INTC, -0.66%.

Shares of HP Inc.

HPQ, -1.35%

 lost 1.3%, after the computing giant reported a modest bump in fourth-quarter revenue, while offering improved earnings guidance.

How are other markets trading?

U.S. Treasury yields were slightly higher Wednesday on better-than-expected U.S. economic data with the benchmark 10-year yield

TMUBMUSD10Y, +1.38%

 edging up to 1.76%.

Gold futures traded slightly lower Wednesday, remaining under pressure as U.S. stocks continue to push into record territory on optimism over trade talks between Washington and Beijing. Gold for February delivery, now the active contract

GCF20, -0.42%

on Comex was off $6.90, or 0.4%, at $1,460 an ounce

The U.S. dollar was firmer against a basket of currency rivals, as measured by the ICE US Dollar

DXY, +0.14%

Oil prices turned lower Wednesday after official U.S. inventory data posted an unexpected rise in the latest week but prices remained near their highest levels in eight weeks. West Texas Intermediate crude futures for January delivery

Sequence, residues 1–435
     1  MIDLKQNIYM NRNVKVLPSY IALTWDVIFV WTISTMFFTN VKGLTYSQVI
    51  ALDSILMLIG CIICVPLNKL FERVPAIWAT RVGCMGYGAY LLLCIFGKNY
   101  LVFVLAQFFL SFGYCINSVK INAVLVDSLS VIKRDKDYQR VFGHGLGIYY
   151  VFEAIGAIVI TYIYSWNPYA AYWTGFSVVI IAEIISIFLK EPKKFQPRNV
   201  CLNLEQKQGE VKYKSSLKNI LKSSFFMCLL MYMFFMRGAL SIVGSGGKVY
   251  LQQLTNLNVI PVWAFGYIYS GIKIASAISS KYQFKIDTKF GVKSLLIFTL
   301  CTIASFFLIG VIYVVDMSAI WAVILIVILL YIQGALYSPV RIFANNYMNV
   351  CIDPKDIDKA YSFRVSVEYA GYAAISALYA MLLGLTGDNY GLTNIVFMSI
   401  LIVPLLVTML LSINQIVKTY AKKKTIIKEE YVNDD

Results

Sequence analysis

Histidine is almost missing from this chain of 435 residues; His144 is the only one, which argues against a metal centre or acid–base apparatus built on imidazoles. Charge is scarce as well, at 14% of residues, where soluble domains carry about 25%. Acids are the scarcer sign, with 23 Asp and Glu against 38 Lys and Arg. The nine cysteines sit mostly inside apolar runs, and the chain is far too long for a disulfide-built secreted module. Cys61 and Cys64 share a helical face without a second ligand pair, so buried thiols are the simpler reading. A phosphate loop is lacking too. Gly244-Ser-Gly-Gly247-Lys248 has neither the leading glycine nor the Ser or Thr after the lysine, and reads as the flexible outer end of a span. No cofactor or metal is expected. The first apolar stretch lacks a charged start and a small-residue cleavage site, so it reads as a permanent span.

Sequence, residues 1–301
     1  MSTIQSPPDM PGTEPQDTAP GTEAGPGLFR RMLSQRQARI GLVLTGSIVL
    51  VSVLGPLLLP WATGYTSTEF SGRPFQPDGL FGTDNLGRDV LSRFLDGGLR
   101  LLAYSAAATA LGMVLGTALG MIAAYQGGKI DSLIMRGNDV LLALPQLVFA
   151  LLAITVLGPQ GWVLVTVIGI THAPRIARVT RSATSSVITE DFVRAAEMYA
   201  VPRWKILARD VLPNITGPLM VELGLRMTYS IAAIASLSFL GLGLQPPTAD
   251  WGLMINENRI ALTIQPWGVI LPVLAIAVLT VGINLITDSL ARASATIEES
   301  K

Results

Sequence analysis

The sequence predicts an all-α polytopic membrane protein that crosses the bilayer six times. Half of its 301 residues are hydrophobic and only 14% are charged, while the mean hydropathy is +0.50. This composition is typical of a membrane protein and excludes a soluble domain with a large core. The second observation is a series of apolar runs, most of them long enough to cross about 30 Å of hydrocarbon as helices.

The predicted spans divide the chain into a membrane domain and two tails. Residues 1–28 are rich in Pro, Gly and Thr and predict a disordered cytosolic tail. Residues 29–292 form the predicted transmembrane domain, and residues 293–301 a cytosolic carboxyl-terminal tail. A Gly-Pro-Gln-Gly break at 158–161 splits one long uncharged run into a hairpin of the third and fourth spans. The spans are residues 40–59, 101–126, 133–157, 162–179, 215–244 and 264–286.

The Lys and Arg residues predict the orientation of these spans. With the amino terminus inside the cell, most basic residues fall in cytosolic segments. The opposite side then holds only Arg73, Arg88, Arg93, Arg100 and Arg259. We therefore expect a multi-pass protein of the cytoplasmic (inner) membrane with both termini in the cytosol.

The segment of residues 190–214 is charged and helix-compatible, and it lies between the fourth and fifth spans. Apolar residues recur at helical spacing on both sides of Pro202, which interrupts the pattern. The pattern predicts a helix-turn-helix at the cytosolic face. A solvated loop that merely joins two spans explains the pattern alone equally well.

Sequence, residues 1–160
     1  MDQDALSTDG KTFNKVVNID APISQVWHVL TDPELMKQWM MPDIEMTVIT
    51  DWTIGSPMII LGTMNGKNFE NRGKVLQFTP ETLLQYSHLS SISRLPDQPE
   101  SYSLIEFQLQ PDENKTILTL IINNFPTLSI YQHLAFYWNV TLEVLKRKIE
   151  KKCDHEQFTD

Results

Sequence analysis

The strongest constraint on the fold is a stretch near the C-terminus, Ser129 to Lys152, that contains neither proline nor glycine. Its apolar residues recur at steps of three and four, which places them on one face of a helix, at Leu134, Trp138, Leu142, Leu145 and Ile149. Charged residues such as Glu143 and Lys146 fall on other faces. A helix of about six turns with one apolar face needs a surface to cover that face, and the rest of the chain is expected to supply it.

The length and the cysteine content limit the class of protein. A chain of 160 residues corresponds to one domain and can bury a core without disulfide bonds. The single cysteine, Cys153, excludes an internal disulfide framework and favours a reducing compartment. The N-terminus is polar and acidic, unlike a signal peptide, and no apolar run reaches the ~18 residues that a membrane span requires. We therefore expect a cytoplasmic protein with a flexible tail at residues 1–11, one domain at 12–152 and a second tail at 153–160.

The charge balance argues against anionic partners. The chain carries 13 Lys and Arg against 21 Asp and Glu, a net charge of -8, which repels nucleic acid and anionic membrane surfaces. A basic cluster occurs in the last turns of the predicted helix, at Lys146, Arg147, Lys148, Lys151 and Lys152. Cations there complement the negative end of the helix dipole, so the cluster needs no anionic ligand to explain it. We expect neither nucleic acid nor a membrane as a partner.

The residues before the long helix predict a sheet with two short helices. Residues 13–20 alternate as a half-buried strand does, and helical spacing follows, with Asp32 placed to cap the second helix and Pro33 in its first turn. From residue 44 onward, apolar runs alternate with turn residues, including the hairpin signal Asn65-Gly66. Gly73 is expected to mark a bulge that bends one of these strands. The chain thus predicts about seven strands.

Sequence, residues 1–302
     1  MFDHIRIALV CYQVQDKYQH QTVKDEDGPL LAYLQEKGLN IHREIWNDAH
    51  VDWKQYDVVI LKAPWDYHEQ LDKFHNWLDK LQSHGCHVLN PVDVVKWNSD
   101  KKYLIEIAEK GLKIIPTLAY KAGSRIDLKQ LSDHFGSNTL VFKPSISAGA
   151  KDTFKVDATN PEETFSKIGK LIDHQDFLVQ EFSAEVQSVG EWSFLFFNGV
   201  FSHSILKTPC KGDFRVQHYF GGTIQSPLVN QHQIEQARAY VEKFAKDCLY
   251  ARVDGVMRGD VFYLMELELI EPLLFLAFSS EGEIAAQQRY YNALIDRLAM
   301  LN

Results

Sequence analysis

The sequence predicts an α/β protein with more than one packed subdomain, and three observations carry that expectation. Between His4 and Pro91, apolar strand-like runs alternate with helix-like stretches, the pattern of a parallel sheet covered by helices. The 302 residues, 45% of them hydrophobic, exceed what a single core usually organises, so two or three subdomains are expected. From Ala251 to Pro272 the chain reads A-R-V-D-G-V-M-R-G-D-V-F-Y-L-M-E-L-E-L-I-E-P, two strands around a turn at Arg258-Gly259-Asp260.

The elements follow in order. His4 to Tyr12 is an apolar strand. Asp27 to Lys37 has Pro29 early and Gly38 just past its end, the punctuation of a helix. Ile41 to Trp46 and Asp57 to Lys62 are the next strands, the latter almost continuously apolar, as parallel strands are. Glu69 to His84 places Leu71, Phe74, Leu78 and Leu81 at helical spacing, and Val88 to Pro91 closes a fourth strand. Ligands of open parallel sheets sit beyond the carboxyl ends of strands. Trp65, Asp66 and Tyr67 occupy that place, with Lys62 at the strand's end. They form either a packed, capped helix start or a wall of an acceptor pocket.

CLF20, -0.46%

 were down 20 cents, or 0.3%, at $58.22 a barrel on the New York Mercantile Exchange. January Brent crude

BRNF20, +0.11%,

the global benchmark, fell 19 cents, or 0.3%, to $64.08 a barrel on ICE Futures Europe.

Meanwhile, the Stoxx Europe 600

SXXP, +0.32%

closed up 0.3% at 409.81.

In China overnight Wednesday, the CSI 300 Index

000300, -1.34%

ticked down 16 points, 0.4%. Japan’s Nikkei 225

NIK, +0.28%

 rose 0.3%, and Hong Kong’s Hang Seng Index

HSI, +0.15%

 rose 0.2%.